“We don’t think there’s any possibility of them getting permission from D.H.C.R., because they don’t come within any of the grounds by which a landlord can take a building out of rent stabilization — such as demolition or hardship,” said Steve Dobkin, lead attorney for the 47 E. Third St. tenants.

According to the Rent Stabilization Code, an owner may only remove a whole building from rent regulation if the property is to be demolished, if the owner can prove it is too dilapidated and hazardous to be worth fixing or if the owner requires “all or part of the housing accommodations or the land for his or her own use in connection with a business which he or she owns or operates.”

Turning the whole building into a single-family residence would not qualify as a “business” use of the property, says Dobkin.

In court, the Economakises’ attorneys argued that D.H.C.R. approval is not required. They cited previous cases where landlords were allowed to take over whole buildings for their private use. But those cases involved smaller properties where the owners were already occupying a substantial portion of the building and merely wanted to recover one or more apartments.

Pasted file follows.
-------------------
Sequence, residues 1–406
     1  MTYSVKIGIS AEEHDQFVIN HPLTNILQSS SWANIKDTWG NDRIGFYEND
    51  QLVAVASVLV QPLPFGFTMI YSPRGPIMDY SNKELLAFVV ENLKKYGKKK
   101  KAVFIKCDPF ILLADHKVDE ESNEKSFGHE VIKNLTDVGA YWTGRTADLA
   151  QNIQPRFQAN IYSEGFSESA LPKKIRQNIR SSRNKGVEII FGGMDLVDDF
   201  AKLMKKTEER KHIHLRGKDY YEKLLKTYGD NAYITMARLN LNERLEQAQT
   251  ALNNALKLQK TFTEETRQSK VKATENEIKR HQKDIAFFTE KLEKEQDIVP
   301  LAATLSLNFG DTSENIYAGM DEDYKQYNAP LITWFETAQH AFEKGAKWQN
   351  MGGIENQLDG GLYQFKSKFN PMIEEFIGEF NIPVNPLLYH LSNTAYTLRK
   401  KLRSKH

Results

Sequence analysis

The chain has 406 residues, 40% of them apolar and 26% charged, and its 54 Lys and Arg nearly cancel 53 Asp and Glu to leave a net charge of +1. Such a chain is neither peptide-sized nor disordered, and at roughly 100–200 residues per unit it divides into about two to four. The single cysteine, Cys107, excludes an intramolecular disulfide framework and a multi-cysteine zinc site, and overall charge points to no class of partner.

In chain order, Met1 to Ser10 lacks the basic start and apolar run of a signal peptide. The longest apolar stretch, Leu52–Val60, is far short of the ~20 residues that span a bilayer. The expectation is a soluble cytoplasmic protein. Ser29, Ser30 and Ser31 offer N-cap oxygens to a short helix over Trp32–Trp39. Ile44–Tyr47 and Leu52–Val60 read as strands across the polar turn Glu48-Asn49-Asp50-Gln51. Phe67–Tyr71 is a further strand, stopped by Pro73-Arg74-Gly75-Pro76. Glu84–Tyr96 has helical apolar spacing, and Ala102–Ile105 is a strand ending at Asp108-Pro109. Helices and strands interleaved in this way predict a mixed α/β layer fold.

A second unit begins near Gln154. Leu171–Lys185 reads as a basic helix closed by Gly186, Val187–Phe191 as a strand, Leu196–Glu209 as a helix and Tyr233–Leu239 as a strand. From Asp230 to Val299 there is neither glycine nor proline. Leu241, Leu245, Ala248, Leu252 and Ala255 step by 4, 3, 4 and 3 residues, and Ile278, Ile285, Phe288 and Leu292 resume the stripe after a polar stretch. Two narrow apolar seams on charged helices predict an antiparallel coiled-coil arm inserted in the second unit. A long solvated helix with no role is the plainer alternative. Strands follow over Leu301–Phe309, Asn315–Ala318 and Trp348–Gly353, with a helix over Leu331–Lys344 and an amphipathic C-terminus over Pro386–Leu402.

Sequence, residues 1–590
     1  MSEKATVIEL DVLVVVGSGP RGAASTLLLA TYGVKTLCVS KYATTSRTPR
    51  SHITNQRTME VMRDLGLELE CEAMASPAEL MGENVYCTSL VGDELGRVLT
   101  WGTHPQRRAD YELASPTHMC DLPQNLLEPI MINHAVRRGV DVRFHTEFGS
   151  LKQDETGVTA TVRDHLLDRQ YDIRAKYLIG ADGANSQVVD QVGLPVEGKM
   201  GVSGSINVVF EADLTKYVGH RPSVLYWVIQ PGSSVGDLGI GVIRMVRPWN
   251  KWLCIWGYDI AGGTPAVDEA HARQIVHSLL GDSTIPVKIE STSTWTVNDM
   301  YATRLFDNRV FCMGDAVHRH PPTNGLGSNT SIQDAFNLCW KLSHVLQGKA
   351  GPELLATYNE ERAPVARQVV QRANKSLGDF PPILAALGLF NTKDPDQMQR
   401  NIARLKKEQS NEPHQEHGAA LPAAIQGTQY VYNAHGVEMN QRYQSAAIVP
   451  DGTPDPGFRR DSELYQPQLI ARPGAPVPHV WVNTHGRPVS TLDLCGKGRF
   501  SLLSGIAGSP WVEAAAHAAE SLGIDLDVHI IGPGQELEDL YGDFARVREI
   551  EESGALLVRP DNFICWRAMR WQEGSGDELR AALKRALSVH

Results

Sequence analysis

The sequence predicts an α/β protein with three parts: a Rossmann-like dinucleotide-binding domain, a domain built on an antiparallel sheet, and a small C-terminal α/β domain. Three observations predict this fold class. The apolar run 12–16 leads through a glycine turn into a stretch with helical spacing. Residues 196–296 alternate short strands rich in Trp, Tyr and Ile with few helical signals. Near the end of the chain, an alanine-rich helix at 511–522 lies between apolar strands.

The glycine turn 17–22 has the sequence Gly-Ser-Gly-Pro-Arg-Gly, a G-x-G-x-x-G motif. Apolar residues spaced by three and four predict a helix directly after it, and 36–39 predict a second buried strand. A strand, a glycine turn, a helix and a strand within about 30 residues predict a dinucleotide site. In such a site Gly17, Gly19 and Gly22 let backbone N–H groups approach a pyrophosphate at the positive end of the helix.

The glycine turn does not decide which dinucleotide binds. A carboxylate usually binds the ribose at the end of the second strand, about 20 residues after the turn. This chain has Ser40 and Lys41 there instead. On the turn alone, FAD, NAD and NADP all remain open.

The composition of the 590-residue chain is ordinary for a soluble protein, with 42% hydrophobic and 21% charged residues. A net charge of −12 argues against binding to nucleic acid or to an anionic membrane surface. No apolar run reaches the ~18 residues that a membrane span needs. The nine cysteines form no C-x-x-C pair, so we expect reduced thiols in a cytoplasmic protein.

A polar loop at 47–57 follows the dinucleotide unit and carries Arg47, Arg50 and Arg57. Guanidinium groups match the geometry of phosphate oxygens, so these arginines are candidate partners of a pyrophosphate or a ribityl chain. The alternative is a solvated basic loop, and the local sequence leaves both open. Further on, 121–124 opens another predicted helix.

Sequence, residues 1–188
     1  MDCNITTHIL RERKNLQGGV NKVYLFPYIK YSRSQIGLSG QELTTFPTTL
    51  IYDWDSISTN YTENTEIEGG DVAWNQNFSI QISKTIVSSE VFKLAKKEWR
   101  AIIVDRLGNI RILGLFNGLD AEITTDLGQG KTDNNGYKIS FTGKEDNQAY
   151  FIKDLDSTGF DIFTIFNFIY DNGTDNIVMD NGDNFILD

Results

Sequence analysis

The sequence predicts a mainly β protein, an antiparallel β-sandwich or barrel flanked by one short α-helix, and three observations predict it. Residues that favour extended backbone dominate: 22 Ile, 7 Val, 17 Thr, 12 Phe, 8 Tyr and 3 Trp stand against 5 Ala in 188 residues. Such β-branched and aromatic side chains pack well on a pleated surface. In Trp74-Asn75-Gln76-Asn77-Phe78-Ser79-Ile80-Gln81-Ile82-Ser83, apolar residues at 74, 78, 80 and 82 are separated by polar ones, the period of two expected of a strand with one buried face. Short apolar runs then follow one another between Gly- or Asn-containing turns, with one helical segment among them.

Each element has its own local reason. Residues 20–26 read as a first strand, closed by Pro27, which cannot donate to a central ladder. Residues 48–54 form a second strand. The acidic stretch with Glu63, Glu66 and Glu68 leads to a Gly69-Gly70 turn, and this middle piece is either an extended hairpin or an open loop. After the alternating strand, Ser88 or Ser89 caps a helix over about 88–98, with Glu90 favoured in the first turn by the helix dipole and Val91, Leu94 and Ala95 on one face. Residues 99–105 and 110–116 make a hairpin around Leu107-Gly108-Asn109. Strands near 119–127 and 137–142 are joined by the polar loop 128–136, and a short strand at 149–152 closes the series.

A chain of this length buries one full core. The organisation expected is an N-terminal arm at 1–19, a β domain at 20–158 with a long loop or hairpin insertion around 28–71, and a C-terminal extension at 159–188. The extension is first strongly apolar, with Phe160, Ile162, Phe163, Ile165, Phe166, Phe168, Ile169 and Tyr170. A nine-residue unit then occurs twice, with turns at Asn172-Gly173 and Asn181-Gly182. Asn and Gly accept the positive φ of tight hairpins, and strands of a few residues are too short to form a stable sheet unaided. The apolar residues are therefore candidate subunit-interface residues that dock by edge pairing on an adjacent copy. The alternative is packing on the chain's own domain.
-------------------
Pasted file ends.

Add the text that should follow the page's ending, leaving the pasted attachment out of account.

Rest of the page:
“This is the first case where an outside owner wanted to take over an entire building,” maintains Dobkin. “They can try to appeal to the appellate court, but I don’t think they will succeed. It’s a very well-reasoned decision, and I would expect it to be upheld.”

“We really don’t’ think they want to go to D.H.C.R.,” added Paddock, who accuses the Economakises of seeking to evict the building’s rent-stabilized tenants — who pay between $500 to $1,000 a month — so they can either rent their apartments at market rates or sell the empty building at a higher profit.